- The Washington Times - Tuesday, September 13, 2005

BOWLING GREEN, Va. — The trial of a cattleman accused of killing his neighbor in a long-running dispute continued yesterday with a prosecutor saying the defendant shot the neighbor several times as he lay on the ground.

However, the attorney for the defendant, John Ames, said his client feared for his life when the neighbor, Perry Brooks, came at him with a stick.

Defense attorney Craig Cooley said his client acted in self-defense on the morning of April 19, 2004, when Mr. Brooks entered Mr. Ames’ property — the final encounter between the men who had feuded for more than 15 years.

Mr. Brooks attacked Mr. Ames with a 3-foot-long wooden stick, which Mr. Brooks was using to recover a wayward bull, Mr. Cooley said.

“The look of rage made [Mr. Ames] absolutely certain Mr. Brooks intended to kill him,” Mr. Cooley said in his opening statement in the first-degree murder trial.

But the prosecutor said an enraged and armed Mr. Ames sped to the scene in his pickup truck and confronted Mr. Brooks as he led away his bull.

“He got out with his gun drawn and pointed it at Perry Brooks and said this animal is not to leave the farm,” Commonwealth’s Attorney Harvey Latney said in his opening to jurors.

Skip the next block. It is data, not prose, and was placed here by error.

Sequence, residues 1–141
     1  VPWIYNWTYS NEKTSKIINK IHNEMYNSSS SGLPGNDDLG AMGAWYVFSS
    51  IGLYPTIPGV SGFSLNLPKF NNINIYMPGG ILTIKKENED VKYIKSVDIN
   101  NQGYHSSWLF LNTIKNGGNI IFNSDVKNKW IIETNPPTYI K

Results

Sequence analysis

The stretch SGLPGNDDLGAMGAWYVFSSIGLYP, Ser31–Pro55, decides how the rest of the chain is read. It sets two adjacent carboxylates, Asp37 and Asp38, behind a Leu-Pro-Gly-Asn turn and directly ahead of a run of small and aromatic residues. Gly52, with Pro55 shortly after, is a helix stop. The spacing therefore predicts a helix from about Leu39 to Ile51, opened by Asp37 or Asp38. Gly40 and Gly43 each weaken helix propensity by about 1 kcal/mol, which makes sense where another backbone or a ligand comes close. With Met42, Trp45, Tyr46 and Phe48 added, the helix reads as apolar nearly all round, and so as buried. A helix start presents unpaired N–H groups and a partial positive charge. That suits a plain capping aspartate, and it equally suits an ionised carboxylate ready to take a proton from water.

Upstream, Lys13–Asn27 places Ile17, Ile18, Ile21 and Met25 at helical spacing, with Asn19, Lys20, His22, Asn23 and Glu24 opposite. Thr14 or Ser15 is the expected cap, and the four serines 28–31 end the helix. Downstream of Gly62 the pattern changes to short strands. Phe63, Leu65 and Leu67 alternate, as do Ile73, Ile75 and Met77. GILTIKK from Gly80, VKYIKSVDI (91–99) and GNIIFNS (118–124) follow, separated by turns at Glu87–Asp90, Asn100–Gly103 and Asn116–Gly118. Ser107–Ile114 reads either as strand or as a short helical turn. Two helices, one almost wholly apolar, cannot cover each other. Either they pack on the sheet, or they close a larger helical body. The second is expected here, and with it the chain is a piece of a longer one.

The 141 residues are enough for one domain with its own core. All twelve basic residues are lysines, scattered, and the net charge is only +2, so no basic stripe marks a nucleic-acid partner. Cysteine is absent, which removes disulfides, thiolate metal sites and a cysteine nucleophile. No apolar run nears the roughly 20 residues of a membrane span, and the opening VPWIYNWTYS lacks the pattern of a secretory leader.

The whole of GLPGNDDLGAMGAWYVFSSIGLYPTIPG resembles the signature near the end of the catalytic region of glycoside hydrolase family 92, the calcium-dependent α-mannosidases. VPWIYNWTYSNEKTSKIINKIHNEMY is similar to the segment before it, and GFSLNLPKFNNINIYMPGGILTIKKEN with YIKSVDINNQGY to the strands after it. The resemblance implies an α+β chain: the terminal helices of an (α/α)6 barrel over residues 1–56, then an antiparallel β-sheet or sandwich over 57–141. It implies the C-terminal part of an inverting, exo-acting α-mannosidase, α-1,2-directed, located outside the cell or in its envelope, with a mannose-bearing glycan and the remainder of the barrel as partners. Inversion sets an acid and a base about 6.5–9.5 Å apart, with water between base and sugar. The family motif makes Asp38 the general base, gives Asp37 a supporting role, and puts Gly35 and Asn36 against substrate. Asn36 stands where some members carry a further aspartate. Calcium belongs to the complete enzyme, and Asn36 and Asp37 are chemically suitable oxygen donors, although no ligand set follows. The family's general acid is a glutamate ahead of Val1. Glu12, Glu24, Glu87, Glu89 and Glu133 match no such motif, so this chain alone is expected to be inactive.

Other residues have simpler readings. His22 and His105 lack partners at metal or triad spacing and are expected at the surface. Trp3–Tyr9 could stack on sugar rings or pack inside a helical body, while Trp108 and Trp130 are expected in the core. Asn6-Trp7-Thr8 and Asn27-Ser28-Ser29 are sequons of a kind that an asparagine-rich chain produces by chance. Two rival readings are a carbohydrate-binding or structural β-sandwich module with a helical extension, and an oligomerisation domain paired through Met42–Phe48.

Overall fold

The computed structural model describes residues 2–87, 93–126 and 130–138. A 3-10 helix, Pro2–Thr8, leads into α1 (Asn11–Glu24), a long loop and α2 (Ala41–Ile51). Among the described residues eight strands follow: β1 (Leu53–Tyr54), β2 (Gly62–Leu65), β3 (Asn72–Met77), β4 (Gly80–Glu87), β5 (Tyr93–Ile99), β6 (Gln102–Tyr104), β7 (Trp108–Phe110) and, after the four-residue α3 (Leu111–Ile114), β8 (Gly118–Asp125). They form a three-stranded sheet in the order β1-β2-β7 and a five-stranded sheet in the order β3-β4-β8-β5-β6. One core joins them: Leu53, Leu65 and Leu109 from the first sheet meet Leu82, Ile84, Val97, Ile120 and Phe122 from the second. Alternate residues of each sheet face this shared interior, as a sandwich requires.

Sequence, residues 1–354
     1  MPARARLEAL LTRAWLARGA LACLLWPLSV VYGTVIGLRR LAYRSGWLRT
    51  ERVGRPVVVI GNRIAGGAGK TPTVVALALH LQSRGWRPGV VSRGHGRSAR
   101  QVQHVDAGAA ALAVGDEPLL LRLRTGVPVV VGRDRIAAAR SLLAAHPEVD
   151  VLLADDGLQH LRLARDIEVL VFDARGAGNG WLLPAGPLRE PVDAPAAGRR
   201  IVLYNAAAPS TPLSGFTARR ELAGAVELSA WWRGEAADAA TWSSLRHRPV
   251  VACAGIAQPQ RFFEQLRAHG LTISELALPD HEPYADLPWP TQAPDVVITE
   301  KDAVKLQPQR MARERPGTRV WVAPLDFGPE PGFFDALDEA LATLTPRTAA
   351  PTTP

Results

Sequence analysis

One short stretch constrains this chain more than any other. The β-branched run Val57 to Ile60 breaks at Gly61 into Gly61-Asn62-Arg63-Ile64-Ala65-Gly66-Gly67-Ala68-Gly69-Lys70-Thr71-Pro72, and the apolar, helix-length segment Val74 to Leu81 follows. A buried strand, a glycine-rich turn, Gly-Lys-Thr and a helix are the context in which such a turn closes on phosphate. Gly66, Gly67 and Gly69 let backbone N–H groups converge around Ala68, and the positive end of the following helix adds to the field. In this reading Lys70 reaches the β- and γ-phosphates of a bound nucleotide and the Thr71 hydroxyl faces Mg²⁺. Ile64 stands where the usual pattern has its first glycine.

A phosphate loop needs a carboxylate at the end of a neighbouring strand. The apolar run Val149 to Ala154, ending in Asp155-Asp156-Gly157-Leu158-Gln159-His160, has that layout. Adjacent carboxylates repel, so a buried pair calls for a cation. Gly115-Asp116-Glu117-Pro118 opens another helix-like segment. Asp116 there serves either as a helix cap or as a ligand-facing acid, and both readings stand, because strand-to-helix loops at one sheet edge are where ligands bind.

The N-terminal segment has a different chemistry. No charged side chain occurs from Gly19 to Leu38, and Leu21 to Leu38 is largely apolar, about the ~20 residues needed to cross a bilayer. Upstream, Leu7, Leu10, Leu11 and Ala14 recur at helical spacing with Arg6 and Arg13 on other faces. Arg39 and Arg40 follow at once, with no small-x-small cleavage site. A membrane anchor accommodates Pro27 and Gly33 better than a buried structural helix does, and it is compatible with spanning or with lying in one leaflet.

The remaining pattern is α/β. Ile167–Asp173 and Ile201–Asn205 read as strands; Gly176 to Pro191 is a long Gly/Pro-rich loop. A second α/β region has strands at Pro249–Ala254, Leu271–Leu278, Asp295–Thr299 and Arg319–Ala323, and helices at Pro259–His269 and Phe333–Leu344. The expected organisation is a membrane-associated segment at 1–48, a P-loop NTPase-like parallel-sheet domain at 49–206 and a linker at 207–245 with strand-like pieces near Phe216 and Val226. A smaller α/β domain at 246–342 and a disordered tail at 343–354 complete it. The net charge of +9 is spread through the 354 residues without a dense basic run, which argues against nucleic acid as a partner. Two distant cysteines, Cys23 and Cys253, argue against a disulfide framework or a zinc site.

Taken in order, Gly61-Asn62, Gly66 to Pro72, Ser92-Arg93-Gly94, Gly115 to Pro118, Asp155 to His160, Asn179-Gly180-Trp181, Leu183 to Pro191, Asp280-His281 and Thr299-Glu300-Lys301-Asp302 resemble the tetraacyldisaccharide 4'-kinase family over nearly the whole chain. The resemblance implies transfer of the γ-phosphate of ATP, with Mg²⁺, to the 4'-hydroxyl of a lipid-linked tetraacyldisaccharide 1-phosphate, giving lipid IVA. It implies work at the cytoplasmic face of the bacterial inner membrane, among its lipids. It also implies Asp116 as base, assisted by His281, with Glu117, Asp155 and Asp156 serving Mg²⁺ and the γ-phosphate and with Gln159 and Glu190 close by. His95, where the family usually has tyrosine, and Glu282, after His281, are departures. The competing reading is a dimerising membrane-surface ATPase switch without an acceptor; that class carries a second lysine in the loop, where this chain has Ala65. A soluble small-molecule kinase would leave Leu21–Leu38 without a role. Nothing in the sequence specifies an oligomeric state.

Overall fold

Mr. Latney said Mr. Brooks raised the stick over his right shoulder and was shot once in the face, knocking him down. Mr. Ames then fired additional rounds into Mr. Brooks.

“All of those shots were fired as Perry Brooks lay helplessly on the ground,” Mr. Latney said.

Mr. Ames and Mr. Brooks, who was 74, had differences that date to the 1980s after Mr. Ames bought the 675-acre Holly Hill estate and built a fence around the property.

Mr. Ames invoked an obscure state law to compel his neighbors to share in the cost of the fence, which is more than 5 feet high and made of high-tensile and barbed wire stretched between wooden posts.

Although a 1991 Virginia Supreme Court ruling sided with Mr. Ames, who is a lawyer, the fence was periodically cut by Mr. Brooks or knocked down by his bull, which wandered onto Mr. Ames’ property and mingled with his prize herd of Black Angus beef cattle, court papers show.

Mr. Brooks was prohibited by two court orders from entering Holly Hill, but Mr. Cooley said Mr. Brooks ignored the orders and entered the property through a back entrance with two men.

Mr. Cooley said Mr. Brooks had not paid the $500 that Mr. Ames had demanded for housing, feeding and treating the diseased bull, which Mr. Ames considered a threat to his Black Angus. Mr. Cooley also said Mr. Brooks had waited until he thought Mr. Ames had gone to work “so he could steal back his bull.”

A judge refused Monday to order a change of venue.

Jurors yesterday also heard testimony from a man who accompanied Mr. Brooks and said he did not swing the stick at Mr. Ames and heard a tape of the 911 call Mr. Ames made after the shooting.


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